Double Beam Scales

Double beam scales are ideal for use in the classroom, laboratory, or pharmacy, where an accurate and reliable scale is required. The sleek and durable design of double beam scales also makes them great for use in manufacturing, mining, and other industries where scales are continually exposed to rugged use.

Double beam scales work in the same way a traditional triple beam scale does, only using two beams. In general, there are two common types of double beam scales that are often accurate to one tenth of a gram. Double beam tabletop scales, which are often found in classrooms and laboratories, and the more popular medical scale, which is often found in a doctor’s office. There are also application-specific double beam scales such as gem scales, which provide higher accuracy and offer different weighing modes. Although these double beam scales vary in appearance, their components and the way to operate them are similar.

The parts of a double beam scale include one or two weighing pans, two rider beams, two riders or sliding masses, and a pointer. The weighing pan is where you place the objects that you want to weigh and is connected to the rider beams. The rider beams are horizontal bars, which the riders are attached to and may include notches or slots for the riders to rest in. One rider beam is marked with progressively increasing larger weight increments and includes a heavier rider, while the other rider beam is marked with more precise increments of measurement and includes a lighter rider. By adjusting the position of the riders on the rider beams, the pointer will either move up or down in comparison to the center mark. The idea is to get the pointer to line up directly with the center mark, indicating that the measurement is accurate.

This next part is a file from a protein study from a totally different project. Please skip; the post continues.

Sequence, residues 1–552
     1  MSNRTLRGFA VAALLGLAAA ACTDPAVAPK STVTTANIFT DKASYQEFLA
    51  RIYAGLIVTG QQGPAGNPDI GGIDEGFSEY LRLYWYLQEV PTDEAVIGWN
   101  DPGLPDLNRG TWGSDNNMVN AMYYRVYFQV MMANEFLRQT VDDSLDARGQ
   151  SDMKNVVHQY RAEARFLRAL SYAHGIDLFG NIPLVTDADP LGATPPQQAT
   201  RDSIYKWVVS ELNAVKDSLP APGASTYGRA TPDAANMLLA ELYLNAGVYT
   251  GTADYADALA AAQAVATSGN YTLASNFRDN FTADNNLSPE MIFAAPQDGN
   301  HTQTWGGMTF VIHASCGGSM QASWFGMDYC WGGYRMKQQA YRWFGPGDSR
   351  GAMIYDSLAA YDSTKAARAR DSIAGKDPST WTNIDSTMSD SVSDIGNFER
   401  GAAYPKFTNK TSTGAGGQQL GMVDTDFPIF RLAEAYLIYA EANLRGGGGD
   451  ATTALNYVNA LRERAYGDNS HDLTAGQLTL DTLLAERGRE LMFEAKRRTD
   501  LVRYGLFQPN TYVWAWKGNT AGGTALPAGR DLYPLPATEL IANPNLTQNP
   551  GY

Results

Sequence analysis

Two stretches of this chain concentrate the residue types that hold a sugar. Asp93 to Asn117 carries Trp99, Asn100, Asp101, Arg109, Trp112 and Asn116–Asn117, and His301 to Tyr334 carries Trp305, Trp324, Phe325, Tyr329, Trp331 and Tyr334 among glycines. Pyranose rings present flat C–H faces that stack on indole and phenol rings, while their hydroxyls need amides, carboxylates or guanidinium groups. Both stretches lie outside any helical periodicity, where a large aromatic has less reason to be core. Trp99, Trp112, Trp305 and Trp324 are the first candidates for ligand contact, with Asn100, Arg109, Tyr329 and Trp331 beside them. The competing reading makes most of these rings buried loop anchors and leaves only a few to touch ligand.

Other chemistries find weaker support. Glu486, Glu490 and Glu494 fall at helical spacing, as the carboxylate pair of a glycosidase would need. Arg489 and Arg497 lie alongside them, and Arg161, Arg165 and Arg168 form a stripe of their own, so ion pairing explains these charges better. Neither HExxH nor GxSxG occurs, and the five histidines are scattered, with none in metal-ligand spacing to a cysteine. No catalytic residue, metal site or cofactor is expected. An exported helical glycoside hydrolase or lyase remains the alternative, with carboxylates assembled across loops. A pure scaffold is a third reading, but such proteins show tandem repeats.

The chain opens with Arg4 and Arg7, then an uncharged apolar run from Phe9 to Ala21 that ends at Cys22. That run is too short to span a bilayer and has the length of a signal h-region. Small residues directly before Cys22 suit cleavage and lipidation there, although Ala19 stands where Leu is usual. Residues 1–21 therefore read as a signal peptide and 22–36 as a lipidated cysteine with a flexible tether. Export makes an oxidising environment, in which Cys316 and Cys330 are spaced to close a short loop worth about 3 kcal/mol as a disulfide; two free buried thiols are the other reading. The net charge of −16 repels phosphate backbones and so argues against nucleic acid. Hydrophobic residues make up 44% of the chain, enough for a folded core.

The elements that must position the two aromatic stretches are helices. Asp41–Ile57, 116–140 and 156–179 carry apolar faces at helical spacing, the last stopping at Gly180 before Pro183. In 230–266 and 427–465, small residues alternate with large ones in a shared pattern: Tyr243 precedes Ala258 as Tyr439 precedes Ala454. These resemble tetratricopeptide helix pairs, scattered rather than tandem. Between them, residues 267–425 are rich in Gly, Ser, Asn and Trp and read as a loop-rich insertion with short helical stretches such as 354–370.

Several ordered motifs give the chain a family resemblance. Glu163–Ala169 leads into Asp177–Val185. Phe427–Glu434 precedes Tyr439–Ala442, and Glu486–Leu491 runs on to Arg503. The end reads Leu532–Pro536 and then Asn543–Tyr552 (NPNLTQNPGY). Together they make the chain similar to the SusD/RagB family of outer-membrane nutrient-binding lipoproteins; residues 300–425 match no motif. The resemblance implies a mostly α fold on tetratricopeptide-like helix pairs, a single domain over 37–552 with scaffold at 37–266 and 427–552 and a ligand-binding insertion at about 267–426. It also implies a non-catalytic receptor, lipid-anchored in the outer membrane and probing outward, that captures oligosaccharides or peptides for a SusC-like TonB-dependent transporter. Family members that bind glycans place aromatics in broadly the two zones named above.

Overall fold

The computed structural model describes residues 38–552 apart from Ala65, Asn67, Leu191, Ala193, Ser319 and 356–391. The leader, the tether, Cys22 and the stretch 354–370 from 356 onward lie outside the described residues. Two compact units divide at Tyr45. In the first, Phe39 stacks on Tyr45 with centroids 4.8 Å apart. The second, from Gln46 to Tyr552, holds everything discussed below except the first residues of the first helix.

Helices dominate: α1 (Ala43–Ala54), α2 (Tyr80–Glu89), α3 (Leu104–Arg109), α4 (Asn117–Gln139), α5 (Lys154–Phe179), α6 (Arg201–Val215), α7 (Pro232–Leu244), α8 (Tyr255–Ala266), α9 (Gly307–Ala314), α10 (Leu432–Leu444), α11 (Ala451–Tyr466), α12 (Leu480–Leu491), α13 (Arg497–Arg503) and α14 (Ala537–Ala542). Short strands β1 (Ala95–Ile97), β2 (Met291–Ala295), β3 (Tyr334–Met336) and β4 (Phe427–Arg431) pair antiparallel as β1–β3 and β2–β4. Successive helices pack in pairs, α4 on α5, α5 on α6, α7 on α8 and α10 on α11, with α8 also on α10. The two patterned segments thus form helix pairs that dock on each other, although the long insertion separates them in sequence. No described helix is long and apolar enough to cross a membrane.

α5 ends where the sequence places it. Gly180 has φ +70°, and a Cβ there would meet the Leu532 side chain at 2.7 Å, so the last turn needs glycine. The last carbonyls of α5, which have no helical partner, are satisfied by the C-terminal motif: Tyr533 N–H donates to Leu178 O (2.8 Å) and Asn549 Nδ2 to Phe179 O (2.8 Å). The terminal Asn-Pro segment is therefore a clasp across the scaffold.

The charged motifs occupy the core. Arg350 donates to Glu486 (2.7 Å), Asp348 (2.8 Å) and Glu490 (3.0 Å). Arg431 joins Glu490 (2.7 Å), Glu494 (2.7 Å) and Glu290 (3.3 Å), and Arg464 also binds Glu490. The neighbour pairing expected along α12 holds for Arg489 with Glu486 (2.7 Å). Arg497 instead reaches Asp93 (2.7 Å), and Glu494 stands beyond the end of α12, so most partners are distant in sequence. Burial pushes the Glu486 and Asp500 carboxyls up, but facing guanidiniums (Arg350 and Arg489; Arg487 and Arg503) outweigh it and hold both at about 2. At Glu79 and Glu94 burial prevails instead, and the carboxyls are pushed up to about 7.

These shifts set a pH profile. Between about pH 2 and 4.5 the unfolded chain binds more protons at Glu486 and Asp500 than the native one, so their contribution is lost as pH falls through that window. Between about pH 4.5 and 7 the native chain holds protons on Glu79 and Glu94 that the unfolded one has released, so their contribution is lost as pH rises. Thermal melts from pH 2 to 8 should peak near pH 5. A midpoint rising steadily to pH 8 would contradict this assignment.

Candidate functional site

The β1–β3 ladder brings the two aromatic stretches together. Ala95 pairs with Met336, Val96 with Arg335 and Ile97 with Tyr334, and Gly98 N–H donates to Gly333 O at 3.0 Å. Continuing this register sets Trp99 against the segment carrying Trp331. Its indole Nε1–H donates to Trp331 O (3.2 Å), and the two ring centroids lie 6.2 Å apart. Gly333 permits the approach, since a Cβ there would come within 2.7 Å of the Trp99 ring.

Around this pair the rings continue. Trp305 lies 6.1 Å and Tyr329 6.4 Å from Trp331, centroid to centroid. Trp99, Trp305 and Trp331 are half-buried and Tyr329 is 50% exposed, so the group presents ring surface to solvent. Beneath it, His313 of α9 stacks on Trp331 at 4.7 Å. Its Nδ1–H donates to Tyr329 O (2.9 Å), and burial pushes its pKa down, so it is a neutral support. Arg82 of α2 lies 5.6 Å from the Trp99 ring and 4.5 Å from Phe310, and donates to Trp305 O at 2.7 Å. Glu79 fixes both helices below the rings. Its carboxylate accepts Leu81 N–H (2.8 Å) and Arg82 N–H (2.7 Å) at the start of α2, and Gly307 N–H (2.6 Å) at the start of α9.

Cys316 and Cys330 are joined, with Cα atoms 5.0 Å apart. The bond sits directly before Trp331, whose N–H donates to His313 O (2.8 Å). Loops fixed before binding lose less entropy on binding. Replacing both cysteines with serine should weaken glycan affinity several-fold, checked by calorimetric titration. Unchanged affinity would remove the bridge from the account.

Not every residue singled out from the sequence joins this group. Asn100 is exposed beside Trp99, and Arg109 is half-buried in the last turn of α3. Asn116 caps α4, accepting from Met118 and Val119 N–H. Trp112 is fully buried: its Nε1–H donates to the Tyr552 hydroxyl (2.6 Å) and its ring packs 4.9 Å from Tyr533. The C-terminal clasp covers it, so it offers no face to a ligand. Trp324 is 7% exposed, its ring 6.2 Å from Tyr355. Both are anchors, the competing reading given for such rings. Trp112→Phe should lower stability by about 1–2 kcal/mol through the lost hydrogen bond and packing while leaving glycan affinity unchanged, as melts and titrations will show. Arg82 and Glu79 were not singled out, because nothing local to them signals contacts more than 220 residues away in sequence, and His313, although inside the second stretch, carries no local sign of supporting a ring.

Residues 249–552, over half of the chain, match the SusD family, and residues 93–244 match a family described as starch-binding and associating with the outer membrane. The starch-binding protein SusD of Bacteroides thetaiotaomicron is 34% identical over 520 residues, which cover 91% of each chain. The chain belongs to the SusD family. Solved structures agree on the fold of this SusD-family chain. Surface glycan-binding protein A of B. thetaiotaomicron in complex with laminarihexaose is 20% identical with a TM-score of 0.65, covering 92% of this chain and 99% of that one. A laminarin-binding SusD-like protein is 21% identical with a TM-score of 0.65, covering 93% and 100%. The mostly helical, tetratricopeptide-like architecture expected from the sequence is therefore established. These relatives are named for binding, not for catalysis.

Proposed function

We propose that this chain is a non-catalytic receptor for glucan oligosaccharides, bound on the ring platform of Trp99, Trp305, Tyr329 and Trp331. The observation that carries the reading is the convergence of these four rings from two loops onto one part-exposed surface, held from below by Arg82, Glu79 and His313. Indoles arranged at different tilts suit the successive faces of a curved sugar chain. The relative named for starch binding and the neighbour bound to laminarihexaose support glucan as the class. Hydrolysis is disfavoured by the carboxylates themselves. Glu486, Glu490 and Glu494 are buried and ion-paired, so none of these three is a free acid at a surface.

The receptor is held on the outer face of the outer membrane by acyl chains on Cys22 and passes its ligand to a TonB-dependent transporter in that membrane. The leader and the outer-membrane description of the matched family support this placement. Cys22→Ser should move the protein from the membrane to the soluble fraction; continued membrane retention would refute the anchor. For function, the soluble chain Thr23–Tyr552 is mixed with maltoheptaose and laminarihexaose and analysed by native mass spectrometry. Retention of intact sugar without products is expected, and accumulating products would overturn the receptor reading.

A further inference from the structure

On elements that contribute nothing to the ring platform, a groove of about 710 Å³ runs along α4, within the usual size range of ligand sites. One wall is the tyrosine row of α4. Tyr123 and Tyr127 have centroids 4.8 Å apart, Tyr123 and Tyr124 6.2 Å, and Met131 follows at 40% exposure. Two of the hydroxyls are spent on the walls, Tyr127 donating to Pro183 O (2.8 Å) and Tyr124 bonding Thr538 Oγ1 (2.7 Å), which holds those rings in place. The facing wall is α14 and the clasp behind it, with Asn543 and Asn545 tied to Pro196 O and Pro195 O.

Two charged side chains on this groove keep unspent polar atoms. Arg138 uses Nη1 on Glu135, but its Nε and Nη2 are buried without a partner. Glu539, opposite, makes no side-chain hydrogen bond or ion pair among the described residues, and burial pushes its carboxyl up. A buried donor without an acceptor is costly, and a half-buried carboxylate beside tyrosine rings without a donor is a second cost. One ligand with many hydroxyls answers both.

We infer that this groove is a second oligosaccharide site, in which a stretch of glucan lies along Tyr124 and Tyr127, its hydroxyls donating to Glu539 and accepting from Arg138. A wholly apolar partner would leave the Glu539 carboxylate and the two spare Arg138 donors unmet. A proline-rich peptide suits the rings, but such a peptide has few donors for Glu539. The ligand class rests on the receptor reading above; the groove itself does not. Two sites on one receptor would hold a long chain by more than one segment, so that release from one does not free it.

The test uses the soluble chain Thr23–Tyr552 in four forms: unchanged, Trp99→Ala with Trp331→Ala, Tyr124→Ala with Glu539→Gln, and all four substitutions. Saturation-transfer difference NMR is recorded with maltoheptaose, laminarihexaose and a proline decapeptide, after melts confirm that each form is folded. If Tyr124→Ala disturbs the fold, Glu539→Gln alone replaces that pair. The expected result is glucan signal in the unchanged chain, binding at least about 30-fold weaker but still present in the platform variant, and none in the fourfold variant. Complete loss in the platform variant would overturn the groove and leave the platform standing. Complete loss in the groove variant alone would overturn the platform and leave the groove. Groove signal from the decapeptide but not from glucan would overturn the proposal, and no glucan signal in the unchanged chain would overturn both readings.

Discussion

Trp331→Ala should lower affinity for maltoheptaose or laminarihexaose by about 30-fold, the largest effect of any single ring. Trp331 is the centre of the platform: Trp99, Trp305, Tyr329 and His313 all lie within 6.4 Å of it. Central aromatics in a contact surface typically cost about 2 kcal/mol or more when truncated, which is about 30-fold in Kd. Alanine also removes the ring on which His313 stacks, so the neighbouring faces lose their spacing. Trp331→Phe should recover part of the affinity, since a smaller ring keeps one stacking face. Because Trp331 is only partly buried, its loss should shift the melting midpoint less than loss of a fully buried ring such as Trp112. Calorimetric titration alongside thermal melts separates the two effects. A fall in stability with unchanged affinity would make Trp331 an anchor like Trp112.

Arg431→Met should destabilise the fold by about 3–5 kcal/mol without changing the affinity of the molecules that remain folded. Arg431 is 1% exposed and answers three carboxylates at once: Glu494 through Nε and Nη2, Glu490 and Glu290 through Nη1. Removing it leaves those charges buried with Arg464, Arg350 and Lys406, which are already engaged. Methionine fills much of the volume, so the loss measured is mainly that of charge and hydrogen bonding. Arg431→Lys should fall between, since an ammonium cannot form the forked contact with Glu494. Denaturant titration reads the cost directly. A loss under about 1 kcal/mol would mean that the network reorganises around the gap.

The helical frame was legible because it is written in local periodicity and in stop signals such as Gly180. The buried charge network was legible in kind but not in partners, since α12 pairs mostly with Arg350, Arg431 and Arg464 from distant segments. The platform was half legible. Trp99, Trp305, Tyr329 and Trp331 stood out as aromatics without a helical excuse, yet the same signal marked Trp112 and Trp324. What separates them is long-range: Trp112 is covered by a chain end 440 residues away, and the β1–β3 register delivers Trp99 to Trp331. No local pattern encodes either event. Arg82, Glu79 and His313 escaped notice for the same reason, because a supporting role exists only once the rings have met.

Before using a double beam scale, its good practice to make sure that the scale is properly adjusted by making sure the rider beam is parallel to the floor and that the pointer is at zero with nothing on the scale. Now you’re ready to place your object on the weighing pan, or have the person to be weighed step on the weighing pan. You’ll see the point move up until it reaches the stopper and cannot move any further.

Move the larger rider, on the rider bar with larger increments, to the right until the pointer falls all the way down and then move it back one increment so that the point is just above the center mark. Now its time to adjust the smaller rider slowly across its rider bar until the pointer is pointing directly at the center mark. To determine your objects total weight, simply add the two weight increments together.